Yes, FSC certified wood can be illegal.
Buying an FSC certified product does not mean that the wood is legal. And FSC certification does not eliminate the need to conduct timber due diligence. In 2018 a company in the U.K. was fined for failure to conduct adequate due diligence on a shipment that was FSC certified.
So, how can FSC certified wood be illegal?
See: FSC Russia ban prohibits sale of FSC wood from Irkutsk sanitary logging
How can FSC certified wood be illegal?
The Forest Stewardship Council (FSC) does not track and monitor each unit of wood. Instead, the FSC certifies companies and forest management units.
This means that a unit of wood can carry the FSC logo but in reality, there is no guarantee that the material in the unit originated from a certified forest, and was legally harvested.
See: Over 100,000 tons of fraudulent FSC plywood?
Take for example the case of an FSC certified company in Brazil that was accused of various offenses related to illegal logging In 2019. The methods for the alleged violations reportedly included:
- harvesting beyond concession boundaries;
- illegal transport of timber;
- illegal transfer of timber credits; and
- documentation fraud.
While the vulnerability of the FSC system to contamination by illegal timber is probably not news to many industry professionals, it’s important for buyers to remain aware of the risks, especially given their liability.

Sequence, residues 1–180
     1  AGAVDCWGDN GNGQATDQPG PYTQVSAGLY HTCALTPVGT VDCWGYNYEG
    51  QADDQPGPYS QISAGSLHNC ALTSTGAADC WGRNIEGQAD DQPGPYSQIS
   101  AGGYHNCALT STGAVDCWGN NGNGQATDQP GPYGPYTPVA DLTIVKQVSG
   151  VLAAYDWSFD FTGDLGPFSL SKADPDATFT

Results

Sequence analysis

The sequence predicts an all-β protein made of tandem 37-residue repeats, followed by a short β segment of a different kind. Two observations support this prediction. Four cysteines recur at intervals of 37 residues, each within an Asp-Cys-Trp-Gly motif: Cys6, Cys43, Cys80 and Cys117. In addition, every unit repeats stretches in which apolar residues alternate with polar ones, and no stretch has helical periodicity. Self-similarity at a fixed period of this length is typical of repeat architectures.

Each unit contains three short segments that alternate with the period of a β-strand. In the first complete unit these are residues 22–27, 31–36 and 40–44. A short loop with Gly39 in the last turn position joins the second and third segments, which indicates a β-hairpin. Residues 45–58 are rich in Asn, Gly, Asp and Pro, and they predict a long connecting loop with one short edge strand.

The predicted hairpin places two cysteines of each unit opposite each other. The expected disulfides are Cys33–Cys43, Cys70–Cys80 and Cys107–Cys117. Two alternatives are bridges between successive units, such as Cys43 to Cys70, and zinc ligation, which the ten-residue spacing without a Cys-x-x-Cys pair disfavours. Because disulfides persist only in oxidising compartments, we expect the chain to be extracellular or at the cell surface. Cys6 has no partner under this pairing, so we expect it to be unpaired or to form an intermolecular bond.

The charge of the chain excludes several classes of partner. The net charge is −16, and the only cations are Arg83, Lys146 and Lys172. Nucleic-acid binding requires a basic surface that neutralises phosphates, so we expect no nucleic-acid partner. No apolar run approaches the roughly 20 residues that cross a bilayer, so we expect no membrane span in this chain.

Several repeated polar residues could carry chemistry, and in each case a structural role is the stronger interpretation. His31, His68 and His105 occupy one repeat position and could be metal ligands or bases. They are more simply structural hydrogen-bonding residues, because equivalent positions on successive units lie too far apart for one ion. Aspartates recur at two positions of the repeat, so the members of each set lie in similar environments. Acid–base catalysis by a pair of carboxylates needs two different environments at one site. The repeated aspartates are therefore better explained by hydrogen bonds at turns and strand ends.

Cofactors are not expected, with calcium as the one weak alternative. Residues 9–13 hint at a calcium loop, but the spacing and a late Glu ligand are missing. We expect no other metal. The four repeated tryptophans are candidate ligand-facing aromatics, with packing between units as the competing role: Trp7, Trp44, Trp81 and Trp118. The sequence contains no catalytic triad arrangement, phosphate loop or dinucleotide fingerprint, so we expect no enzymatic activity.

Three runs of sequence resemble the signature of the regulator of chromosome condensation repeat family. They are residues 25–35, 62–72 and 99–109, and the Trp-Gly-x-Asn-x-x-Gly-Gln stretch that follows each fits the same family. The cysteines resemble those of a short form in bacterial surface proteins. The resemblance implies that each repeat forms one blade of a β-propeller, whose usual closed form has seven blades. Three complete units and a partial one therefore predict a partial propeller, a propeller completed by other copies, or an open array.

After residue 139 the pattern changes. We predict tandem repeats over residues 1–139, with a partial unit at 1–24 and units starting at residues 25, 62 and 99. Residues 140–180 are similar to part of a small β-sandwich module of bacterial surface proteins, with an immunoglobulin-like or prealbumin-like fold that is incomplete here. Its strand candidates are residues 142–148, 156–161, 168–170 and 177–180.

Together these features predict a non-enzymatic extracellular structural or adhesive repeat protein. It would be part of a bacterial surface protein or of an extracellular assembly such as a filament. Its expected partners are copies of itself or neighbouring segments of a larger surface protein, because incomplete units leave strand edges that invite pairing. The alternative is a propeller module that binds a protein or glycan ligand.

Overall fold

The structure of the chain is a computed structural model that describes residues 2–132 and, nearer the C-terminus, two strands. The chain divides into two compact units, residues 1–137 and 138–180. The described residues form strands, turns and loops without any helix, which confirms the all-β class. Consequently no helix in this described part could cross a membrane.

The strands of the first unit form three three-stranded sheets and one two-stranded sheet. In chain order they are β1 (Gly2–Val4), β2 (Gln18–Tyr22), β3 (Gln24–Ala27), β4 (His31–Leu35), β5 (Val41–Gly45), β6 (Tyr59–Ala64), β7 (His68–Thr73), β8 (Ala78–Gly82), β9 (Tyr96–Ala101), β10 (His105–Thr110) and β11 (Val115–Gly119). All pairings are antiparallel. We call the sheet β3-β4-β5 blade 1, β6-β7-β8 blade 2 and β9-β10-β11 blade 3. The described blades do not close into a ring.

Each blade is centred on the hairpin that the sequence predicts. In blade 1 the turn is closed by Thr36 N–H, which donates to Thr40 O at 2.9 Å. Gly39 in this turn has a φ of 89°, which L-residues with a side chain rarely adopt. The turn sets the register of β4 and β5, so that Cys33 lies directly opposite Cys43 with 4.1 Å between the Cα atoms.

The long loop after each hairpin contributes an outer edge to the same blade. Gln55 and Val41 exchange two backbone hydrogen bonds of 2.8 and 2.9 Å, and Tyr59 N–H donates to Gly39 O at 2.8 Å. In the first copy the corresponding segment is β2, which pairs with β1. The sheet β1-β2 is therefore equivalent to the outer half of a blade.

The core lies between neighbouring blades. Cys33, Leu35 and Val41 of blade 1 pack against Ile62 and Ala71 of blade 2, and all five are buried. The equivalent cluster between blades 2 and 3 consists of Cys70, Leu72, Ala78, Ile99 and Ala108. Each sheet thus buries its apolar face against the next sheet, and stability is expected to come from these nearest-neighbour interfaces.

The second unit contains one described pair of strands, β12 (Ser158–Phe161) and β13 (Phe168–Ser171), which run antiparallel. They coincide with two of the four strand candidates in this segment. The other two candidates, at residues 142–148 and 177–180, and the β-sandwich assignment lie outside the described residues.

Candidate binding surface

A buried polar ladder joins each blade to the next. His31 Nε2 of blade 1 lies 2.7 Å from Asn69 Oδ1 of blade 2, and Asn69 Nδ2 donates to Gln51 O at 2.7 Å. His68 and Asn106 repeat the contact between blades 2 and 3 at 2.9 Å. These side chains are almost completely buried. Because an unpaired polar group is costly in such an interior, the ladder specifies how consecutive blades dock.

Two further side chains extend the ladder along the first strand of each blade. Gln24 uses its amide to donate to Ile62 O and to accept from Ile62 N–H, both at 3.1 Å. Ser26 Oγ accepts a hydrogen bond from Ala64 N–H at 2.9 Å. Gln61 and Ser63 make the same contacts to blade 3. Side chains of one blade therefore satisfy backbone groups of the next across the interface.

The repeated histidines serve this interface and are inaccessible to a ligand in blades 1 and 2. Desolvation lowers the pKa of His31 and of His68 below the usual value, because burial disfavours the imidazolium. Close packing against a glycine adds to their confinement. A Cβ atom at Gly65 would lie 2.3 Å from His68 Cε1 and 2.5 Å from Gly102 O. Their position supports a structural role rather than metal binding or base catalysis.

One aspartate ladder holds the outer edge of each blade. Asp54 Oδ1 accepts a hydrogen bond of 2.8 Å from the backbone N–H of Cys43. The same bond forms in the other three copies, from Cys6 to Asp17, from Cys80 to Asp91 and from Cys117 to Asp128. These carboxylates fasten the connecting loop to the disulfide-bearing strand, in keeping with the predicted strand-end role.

How should buyers treat FSC-certified suppliers when conducting due diligence?
FSC-certification can be useful for buyers of wood products. The process of conducting due diligence can be easier because information about the supply chain is more readily available. This lowers the cost of data collection.
However, FSC-certification can be misleading and cause buyers to lower their due diligence standards for FSC-certified suppliers.
Just because a product is labeled FSC certified, does not guarantee that it’s legal.
From the perspective of legality, buyers should not treat FSC-certified products any differently than non-FSC.
This article is open source. If you would like to suggest changes to this document, or have concerns with any of the information presented here, please leave a comment below.
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